Linked by Thom Holwerda on Wed 1st May 2013 09:29 UTC, submitted by matthew-sheffield
PDAs, Cellphones, Wireless CEO of Blackberry Thorsten Heins said yesterday that he doesn't believe the tablet computer market is long for this world. "In five years I don't think there'll be a reason to have a tablet anymore," he tells Bloomberg News, "Maybe a big screen in your workspace, but not a tablet as such. Tablets themselves are not a good business model." If the dream of one device wirelessly interacting with all sorts of displays and peripherals comes to fruition, he may actually have a point.
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Comment by M.Onty
by M.Onty on Wed 1st May 2013 10:57 UTC
M.Onty
Member since:
2009-10-23

If the dream of one device wirelessly interacting with all sorts of displays and peripherals comes to fruition, he may actually have a point.


Exactly. How many people who own a tablet don't own a smart phone? The innards are practically identical, so why not use the phone to wirelessly control the tablet? No point in stopping there either. Wireless control of your TV also makes a lot of sense. Got a laptop, but don't use CAD, play high-end gaming or compile kernels? Then just buy an empty screen, keyboard, trackpoint, battery & speakers in a laptop case & control it from your phone.

It won't happen for years because phone OS' are currently concentrating on, y'know, doing what people actually want them to do.* But eventually smartphones will have the excess of power that PCs have had for the past five years, & someone will start being inventive.

The Ubuntu phone is a tiny glimpse at this future, even if its not actually a success on its own terms. Not sure Blackberry is though ...

* The old "they would have asked for a faster horse" Henry Ford quote comes to mind.

Reply Score: 4

RE: Comment by M.Onty
by jared_wilkes on Wed 1st May 2013 16:38 in reply to "Comment by M.Onty"
jared_wilkes Member since:
2011-04-25

Who wants a large portion of their local wireless network traffic to be saturated by shifting video to a dumb device when the difference is $100-200 in parts?

As someone who currently has a smartphone, a few tablets in the household of various sizes, an Apple TV, and several PCs on a local network and who does use AirPlay NOW quite a bit to do what is presumably Thorstein and Thom's endgame five years from now, I can tell you I see absolutely no desirability in trying to get to one master device that streams video and data to many different, dumb screens of various form factors. It's a feature, a useful one at that, but it's actually the wrong vision.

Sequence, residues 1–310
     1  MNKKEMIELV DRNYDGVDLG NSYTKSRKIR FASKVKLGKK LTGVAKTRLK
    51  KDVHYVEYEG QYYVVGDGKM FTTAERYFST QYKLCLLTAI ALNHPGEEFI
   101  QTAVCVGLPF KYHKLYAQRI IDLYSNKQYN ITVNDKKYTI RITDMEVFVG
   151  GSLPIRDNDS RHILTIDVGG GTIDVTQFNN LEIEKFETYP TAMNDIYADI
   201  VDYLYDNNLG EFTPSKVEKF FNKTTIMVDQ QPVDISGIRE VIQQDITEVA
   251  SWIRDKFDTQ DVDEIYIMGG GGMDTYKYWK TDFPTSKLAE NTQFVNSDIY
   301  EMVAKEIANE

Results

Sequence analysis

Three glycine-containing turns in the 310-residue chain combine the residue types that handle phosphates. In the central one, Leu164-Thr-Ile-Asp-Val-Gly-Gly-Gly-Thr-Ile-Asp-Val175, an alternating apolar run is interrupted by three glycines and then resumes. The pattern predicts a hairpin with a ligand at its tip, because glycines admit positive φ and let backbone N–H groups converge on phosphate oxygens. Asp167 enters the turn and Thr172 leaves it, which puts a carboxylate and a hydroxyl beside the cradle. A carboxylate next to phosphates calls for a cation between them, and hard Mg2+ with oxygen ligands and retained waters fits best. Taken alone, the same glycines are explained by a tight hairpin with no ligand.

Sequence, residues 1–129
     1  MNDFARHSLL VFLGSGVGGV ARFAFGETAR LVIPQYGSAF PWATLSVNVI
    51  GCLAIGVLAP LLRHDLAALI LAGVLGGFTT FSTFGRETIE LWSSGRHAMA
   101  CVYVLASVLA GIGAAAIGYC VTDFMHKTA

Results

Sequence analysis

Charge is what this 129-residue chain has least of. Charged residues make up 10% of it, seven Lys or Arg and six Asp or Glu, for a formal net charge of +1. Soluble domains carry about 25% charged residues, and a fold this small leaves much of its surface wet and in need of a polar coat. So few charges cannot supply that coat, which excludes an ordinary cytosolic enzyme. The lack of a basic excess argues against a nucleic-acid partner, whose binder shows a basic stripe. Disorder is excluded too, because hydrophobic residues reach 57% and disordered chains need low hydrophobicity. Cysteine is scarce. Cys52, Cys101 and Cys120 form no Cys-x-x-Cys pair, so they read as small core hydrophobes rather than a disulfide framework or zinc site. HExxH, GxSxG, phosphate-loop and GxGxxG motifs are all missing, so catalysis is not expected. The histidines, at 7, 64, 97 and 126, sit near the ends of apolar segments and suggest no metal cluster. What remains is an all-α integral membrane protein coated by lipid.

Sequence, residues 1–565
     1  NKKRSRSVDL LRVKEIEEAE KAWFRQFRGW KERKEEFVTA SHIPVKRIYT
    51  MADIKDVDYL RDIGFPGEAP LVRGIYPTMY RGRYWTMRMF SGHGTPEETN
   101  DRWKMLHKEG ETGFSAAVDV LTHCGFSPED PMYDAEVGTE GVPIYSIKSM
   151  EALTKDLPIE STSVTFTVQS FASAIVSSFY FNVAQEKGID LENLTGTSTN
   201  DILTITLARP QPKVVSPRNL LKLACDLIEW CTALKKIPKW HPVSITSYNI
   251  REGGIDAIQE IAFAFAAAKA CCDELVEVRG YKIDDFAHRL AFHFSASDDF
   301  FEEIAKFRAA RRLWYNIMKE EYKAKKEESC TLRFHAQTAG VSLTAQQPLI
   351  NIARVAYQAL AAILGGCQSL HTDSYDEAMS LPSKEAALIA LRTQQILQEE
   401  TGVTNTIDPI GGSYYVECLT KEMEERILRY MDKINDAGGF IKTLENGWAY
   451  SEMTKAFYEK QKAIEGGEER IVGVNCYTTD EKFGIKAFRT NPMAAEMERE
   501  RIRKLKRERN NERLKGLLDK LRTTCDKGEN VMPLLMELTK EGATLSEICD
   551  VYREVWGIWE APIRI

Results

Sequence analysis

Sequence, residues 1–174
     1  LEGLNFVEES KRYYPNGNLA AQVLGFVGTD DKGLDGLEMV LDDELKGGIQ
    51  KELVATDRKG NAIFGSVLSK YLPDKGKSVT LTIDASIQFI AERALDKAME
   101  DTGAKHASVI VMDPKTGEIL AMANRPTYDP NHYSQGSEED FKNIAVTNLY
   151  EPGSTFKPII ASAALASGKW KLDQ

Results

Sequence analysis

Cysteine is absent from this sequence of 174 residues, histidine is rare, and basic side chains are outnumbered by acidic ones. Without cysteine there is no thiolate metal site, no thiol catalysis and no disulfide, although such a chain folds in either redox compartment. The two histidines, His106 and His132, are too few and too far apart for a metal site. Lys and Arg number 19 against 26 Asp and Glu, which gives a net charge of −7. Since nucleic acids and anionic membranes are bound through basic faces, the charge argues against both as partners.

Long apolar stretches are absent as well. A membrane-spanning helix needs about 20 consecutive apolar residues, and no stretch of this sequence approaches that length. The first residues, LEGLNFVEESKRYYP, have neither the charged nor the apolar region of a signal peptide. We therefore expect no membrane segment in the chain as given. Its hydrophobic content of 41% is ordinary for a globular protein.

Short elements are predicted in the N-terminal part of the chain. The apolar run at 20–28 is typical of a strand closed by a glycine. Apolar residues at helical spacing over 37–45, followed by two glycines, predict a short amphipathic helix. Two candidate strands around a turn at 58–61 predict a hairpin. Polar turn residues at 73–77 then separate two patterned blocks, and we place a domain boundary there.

The "smart" processing internals of these devices is already less than a few hundred dollars and will easily be less than a hundred or fifty dollars total in five years. I'll pay the $50-$100 bucks to have all my devices smart rather than having a slow, saturated, more expensive network.

Edited 2013-05-01 16:41 UTC

Reply Parent Score: 4

RE[2]: Comment by M.Onty
by M.Onty on Wed 1st May 2013 18:42 in reply to "RE: Comment by M.Onty"
M.Onty Member since:
2009-10-23

Who wants a large portion of their local wireless network traffic to be saturated..?


Good point.

I was talking to someone in my area who runs a networking company yesterday who sets businesses up with connexions by wireless.

He was reminiscing about a time years ago when he attended a networking conference & got chatting with some top brass from a major ISP.

He asked the brass why they're supplying WiFi routers to every one of their customers? They could easily set up a mesh thing, but giving everyone their own router would quickly saturate local network traffic. Man replied that was already happening & grinned.

Wind forward to now & this small company has had to buy extra bandwidth because the ISPs had been deliberately saturating with home WiFi routers to protect their landline business model.

Reply Parent Score: 3

RE: Comment by M.Onty
by zima on Mon 6th May 2013 21:42 in reply to "Comment by M.Onty"
zima Member since:
2005-07-06

Reminds me about http://en.wikipedia.org/wiki/Microcomputer_revolution#The_Home_Comp... - a fairly similar vision, but which just turned out to be a wrong way of doing things.

Electronic innards get less expensive at a steady pace, so each device can have them; networking them is hard.

Reply Parent Score: 2